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Document Type

Dissertation - University Access Only

Award Date

1994

Degree Name

Doctor of Philosophy (PhD)

Department

Animal Science

First Advisor

John R. Romans

Abstract

Alteration of lipid composition through the use of supplemental omega-3 rich oil sources, in swine diets, has provided pork products with a more desirable polyunsaturated to saturated fatty acid ratio. Consumers perceive meat as a high source of saturated fat in their diets. In an effort to lower dietary saturated fat consumption consumers are making a gradual shift from animal-derived to plant based meals (Sloan, 1994). Closer trimming of fresh meat cuts has not altered the perception that meat is a high source of fat and that it is difficult to fit into a well balanced low fat diet. However, it has indicated to consumers that they may be receiving a better value by not paying for visible fat. Due to the skepticism surrounding the healthfulness of a diet containing lean meats, this research was conducted to develop omega-3 enriched pork products that were acceptable to consumers. Pork products and tissues from hogs fed a diet containing 15% ground flaxseed for the last 28 d prior to slaughter were analyzed for fatty acid composition, lipid stability and consumer acceptance. Pork products from flaxseed fed hogs were higher in omega-3 fatty acids, especially l 8:3n3 and 20:5, compared to controls. However, these products were also highly predisposed to lipid oxidation. In-home consumers rated bacon and Braunschweiger from flaxseed fed hogs equally favorable and acceptable in flavor. However, consumers in a central-location test rated flaxseed bacon less desirable than control bacon. In the second phase, pig diets were also supplemented with a-tocopherol to assess the efficacy of diets containing a -tocopherol and 15% flaxseed on pigment and lipid stability and other pork quality indicators. The addition of a -tocopherol greatly improved lipid stability during the 6-d retail shelf-life display of fresh ham slices and loin chops from flaxseed supplemented and control hogs. Vitamin E had no effect on tissue fatty acid composition. Consumers in a multi-regional in-home taste panel rated bacon, sausage, and pizza dough equally acceptable across treatments. Consumers ranked themselves as "light users" of bacon and sausage--consuming these products less than four times per month. More than 50% of the consumers indicated they were "heavy users" of pizza--consuming pizza four or more times a month. This research indicated that supplementing swine diets with a-tocopherol acetate and 15% ground flaxseed, provided pigment and lipid stable products throughout a 6-d retail shelf-life display. These pork products were omega-3 enriched with "healthful" omega-3 fatty acids and were highly acceptable to the consumers. Furthermore, swine diets supplemented with a -tocopherol acetate and 15% ground flaxseed did not affect overall average daily gains, muscle tenderness, or muscle pH.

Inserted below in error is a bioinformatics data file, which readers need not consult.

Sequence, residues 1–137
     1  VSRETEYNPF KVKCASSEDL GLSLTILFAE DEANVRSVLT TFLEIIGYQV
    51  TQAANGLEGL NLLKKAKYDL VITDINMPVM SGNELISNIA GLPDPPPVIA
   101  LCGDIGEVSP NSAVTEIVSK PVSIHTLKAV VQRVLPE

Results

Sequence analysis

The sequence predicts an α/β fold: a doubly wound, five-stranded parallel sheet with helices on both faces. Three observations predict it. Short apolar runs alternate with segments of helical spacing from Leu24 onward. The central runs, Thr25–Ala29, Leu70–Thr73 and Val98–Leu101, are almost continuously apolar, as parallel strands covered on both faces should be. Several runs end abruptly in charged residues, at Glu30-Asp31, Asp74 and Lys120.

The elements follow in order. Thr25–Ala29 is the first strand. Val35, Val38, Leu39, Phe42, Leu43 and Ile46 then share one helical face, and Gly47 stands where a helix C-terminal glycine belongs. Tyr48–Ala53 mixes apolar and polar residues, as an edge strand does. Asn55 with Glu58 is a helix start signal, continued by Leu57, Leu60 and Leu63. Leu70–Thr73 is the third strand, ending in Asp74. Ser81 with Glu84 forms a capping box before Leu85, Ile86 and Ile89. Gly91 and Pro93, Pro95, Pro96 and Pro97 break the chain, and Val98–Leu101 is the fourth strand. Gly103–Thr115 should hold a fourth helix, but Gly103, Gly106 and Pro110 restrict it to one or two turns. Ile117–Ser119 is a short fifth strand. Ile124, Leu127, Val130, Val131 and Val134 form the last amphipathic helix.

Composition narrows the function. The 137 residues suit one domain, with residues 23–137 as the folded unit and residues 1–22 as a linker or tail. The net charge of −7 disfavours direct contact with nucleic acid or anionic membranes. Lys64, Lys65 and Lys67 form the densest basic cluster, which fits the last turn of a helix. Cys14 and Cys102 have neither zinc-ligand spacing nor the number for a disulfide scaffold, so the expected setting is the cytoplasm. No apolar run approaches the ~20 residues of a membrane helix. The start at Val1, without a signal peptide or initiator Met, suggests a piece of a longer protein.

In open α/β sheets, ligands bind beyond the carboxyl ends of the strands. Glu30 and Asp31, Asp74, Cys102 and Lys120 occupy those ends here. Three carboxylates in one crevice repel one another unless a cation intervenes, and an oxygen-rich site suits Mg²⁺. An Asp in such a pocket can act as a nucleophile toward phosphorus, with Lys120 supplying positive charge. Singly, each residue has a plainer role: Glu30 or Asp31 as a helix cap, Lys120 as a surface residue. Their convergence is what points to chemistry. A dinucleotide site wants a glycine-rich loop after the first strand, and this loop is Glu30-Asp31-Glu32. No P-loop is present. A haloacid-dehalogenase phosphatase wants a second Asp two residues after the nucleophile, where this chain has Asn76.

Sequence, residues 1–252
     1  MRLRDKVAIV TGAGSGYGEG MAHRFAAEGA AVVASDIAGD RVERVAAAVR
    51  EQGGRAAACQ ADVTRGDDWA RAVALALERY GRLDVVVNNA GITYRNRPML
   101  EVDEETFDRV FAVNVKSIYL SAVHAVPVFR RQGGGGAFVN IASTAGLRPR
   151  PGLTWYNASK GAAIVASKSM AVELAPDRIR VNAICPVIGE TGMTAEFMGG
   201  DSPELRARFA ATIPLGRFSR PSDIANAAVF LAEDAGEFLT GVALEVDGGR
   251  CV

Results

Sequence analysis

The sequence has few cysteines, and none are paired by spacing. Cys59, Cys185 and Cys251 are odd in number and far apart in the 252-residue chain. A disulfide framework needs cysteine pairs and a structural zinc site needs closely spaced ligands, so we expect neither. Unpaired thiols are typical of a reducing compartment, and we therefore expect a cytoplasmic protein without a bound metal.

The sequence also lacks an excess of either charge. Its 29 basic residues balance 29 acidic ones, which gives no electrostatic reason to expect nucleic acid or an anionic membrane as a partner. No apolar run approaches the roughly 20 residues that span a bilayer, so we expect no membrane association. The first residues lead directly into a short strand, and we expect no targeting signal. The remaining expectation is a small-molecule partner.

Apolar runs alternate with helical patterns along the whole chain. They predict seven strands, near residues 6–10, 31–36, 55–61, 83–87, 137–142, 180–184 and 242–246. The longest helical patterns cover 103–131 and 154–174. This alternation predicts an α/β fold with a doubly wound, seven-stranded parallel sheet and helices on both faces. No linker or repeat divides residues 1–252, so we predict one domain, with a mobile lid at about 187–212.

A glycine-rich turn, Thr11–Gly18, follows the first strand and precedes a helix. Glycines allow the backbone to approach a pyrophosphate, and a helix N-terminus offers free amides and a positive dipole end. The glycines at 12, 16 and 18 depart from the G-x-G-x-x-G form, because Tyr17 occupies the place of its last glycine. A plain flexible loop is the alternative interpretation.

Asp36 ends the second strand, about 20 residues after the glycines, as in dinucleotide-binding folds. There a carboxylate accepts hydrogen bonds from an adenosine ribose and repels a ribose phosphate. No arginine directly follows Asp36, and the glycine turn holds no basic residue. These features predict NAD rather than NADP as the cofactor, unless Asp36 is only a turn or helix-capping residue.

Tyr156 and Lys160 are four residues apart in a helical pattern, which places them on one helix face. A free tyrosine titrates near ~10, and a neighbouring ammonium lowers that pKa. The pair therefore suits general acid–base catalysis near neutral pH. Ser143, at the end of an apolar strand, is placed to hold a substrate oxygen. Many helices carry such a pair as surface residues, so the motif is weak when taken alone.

Library of Congress Subject Headings

Pork
Omega-3 fatty acids
Flaxseed
Swine -- Feeding and feeds

Format

application/pdf

Publisher

South Dakota State University

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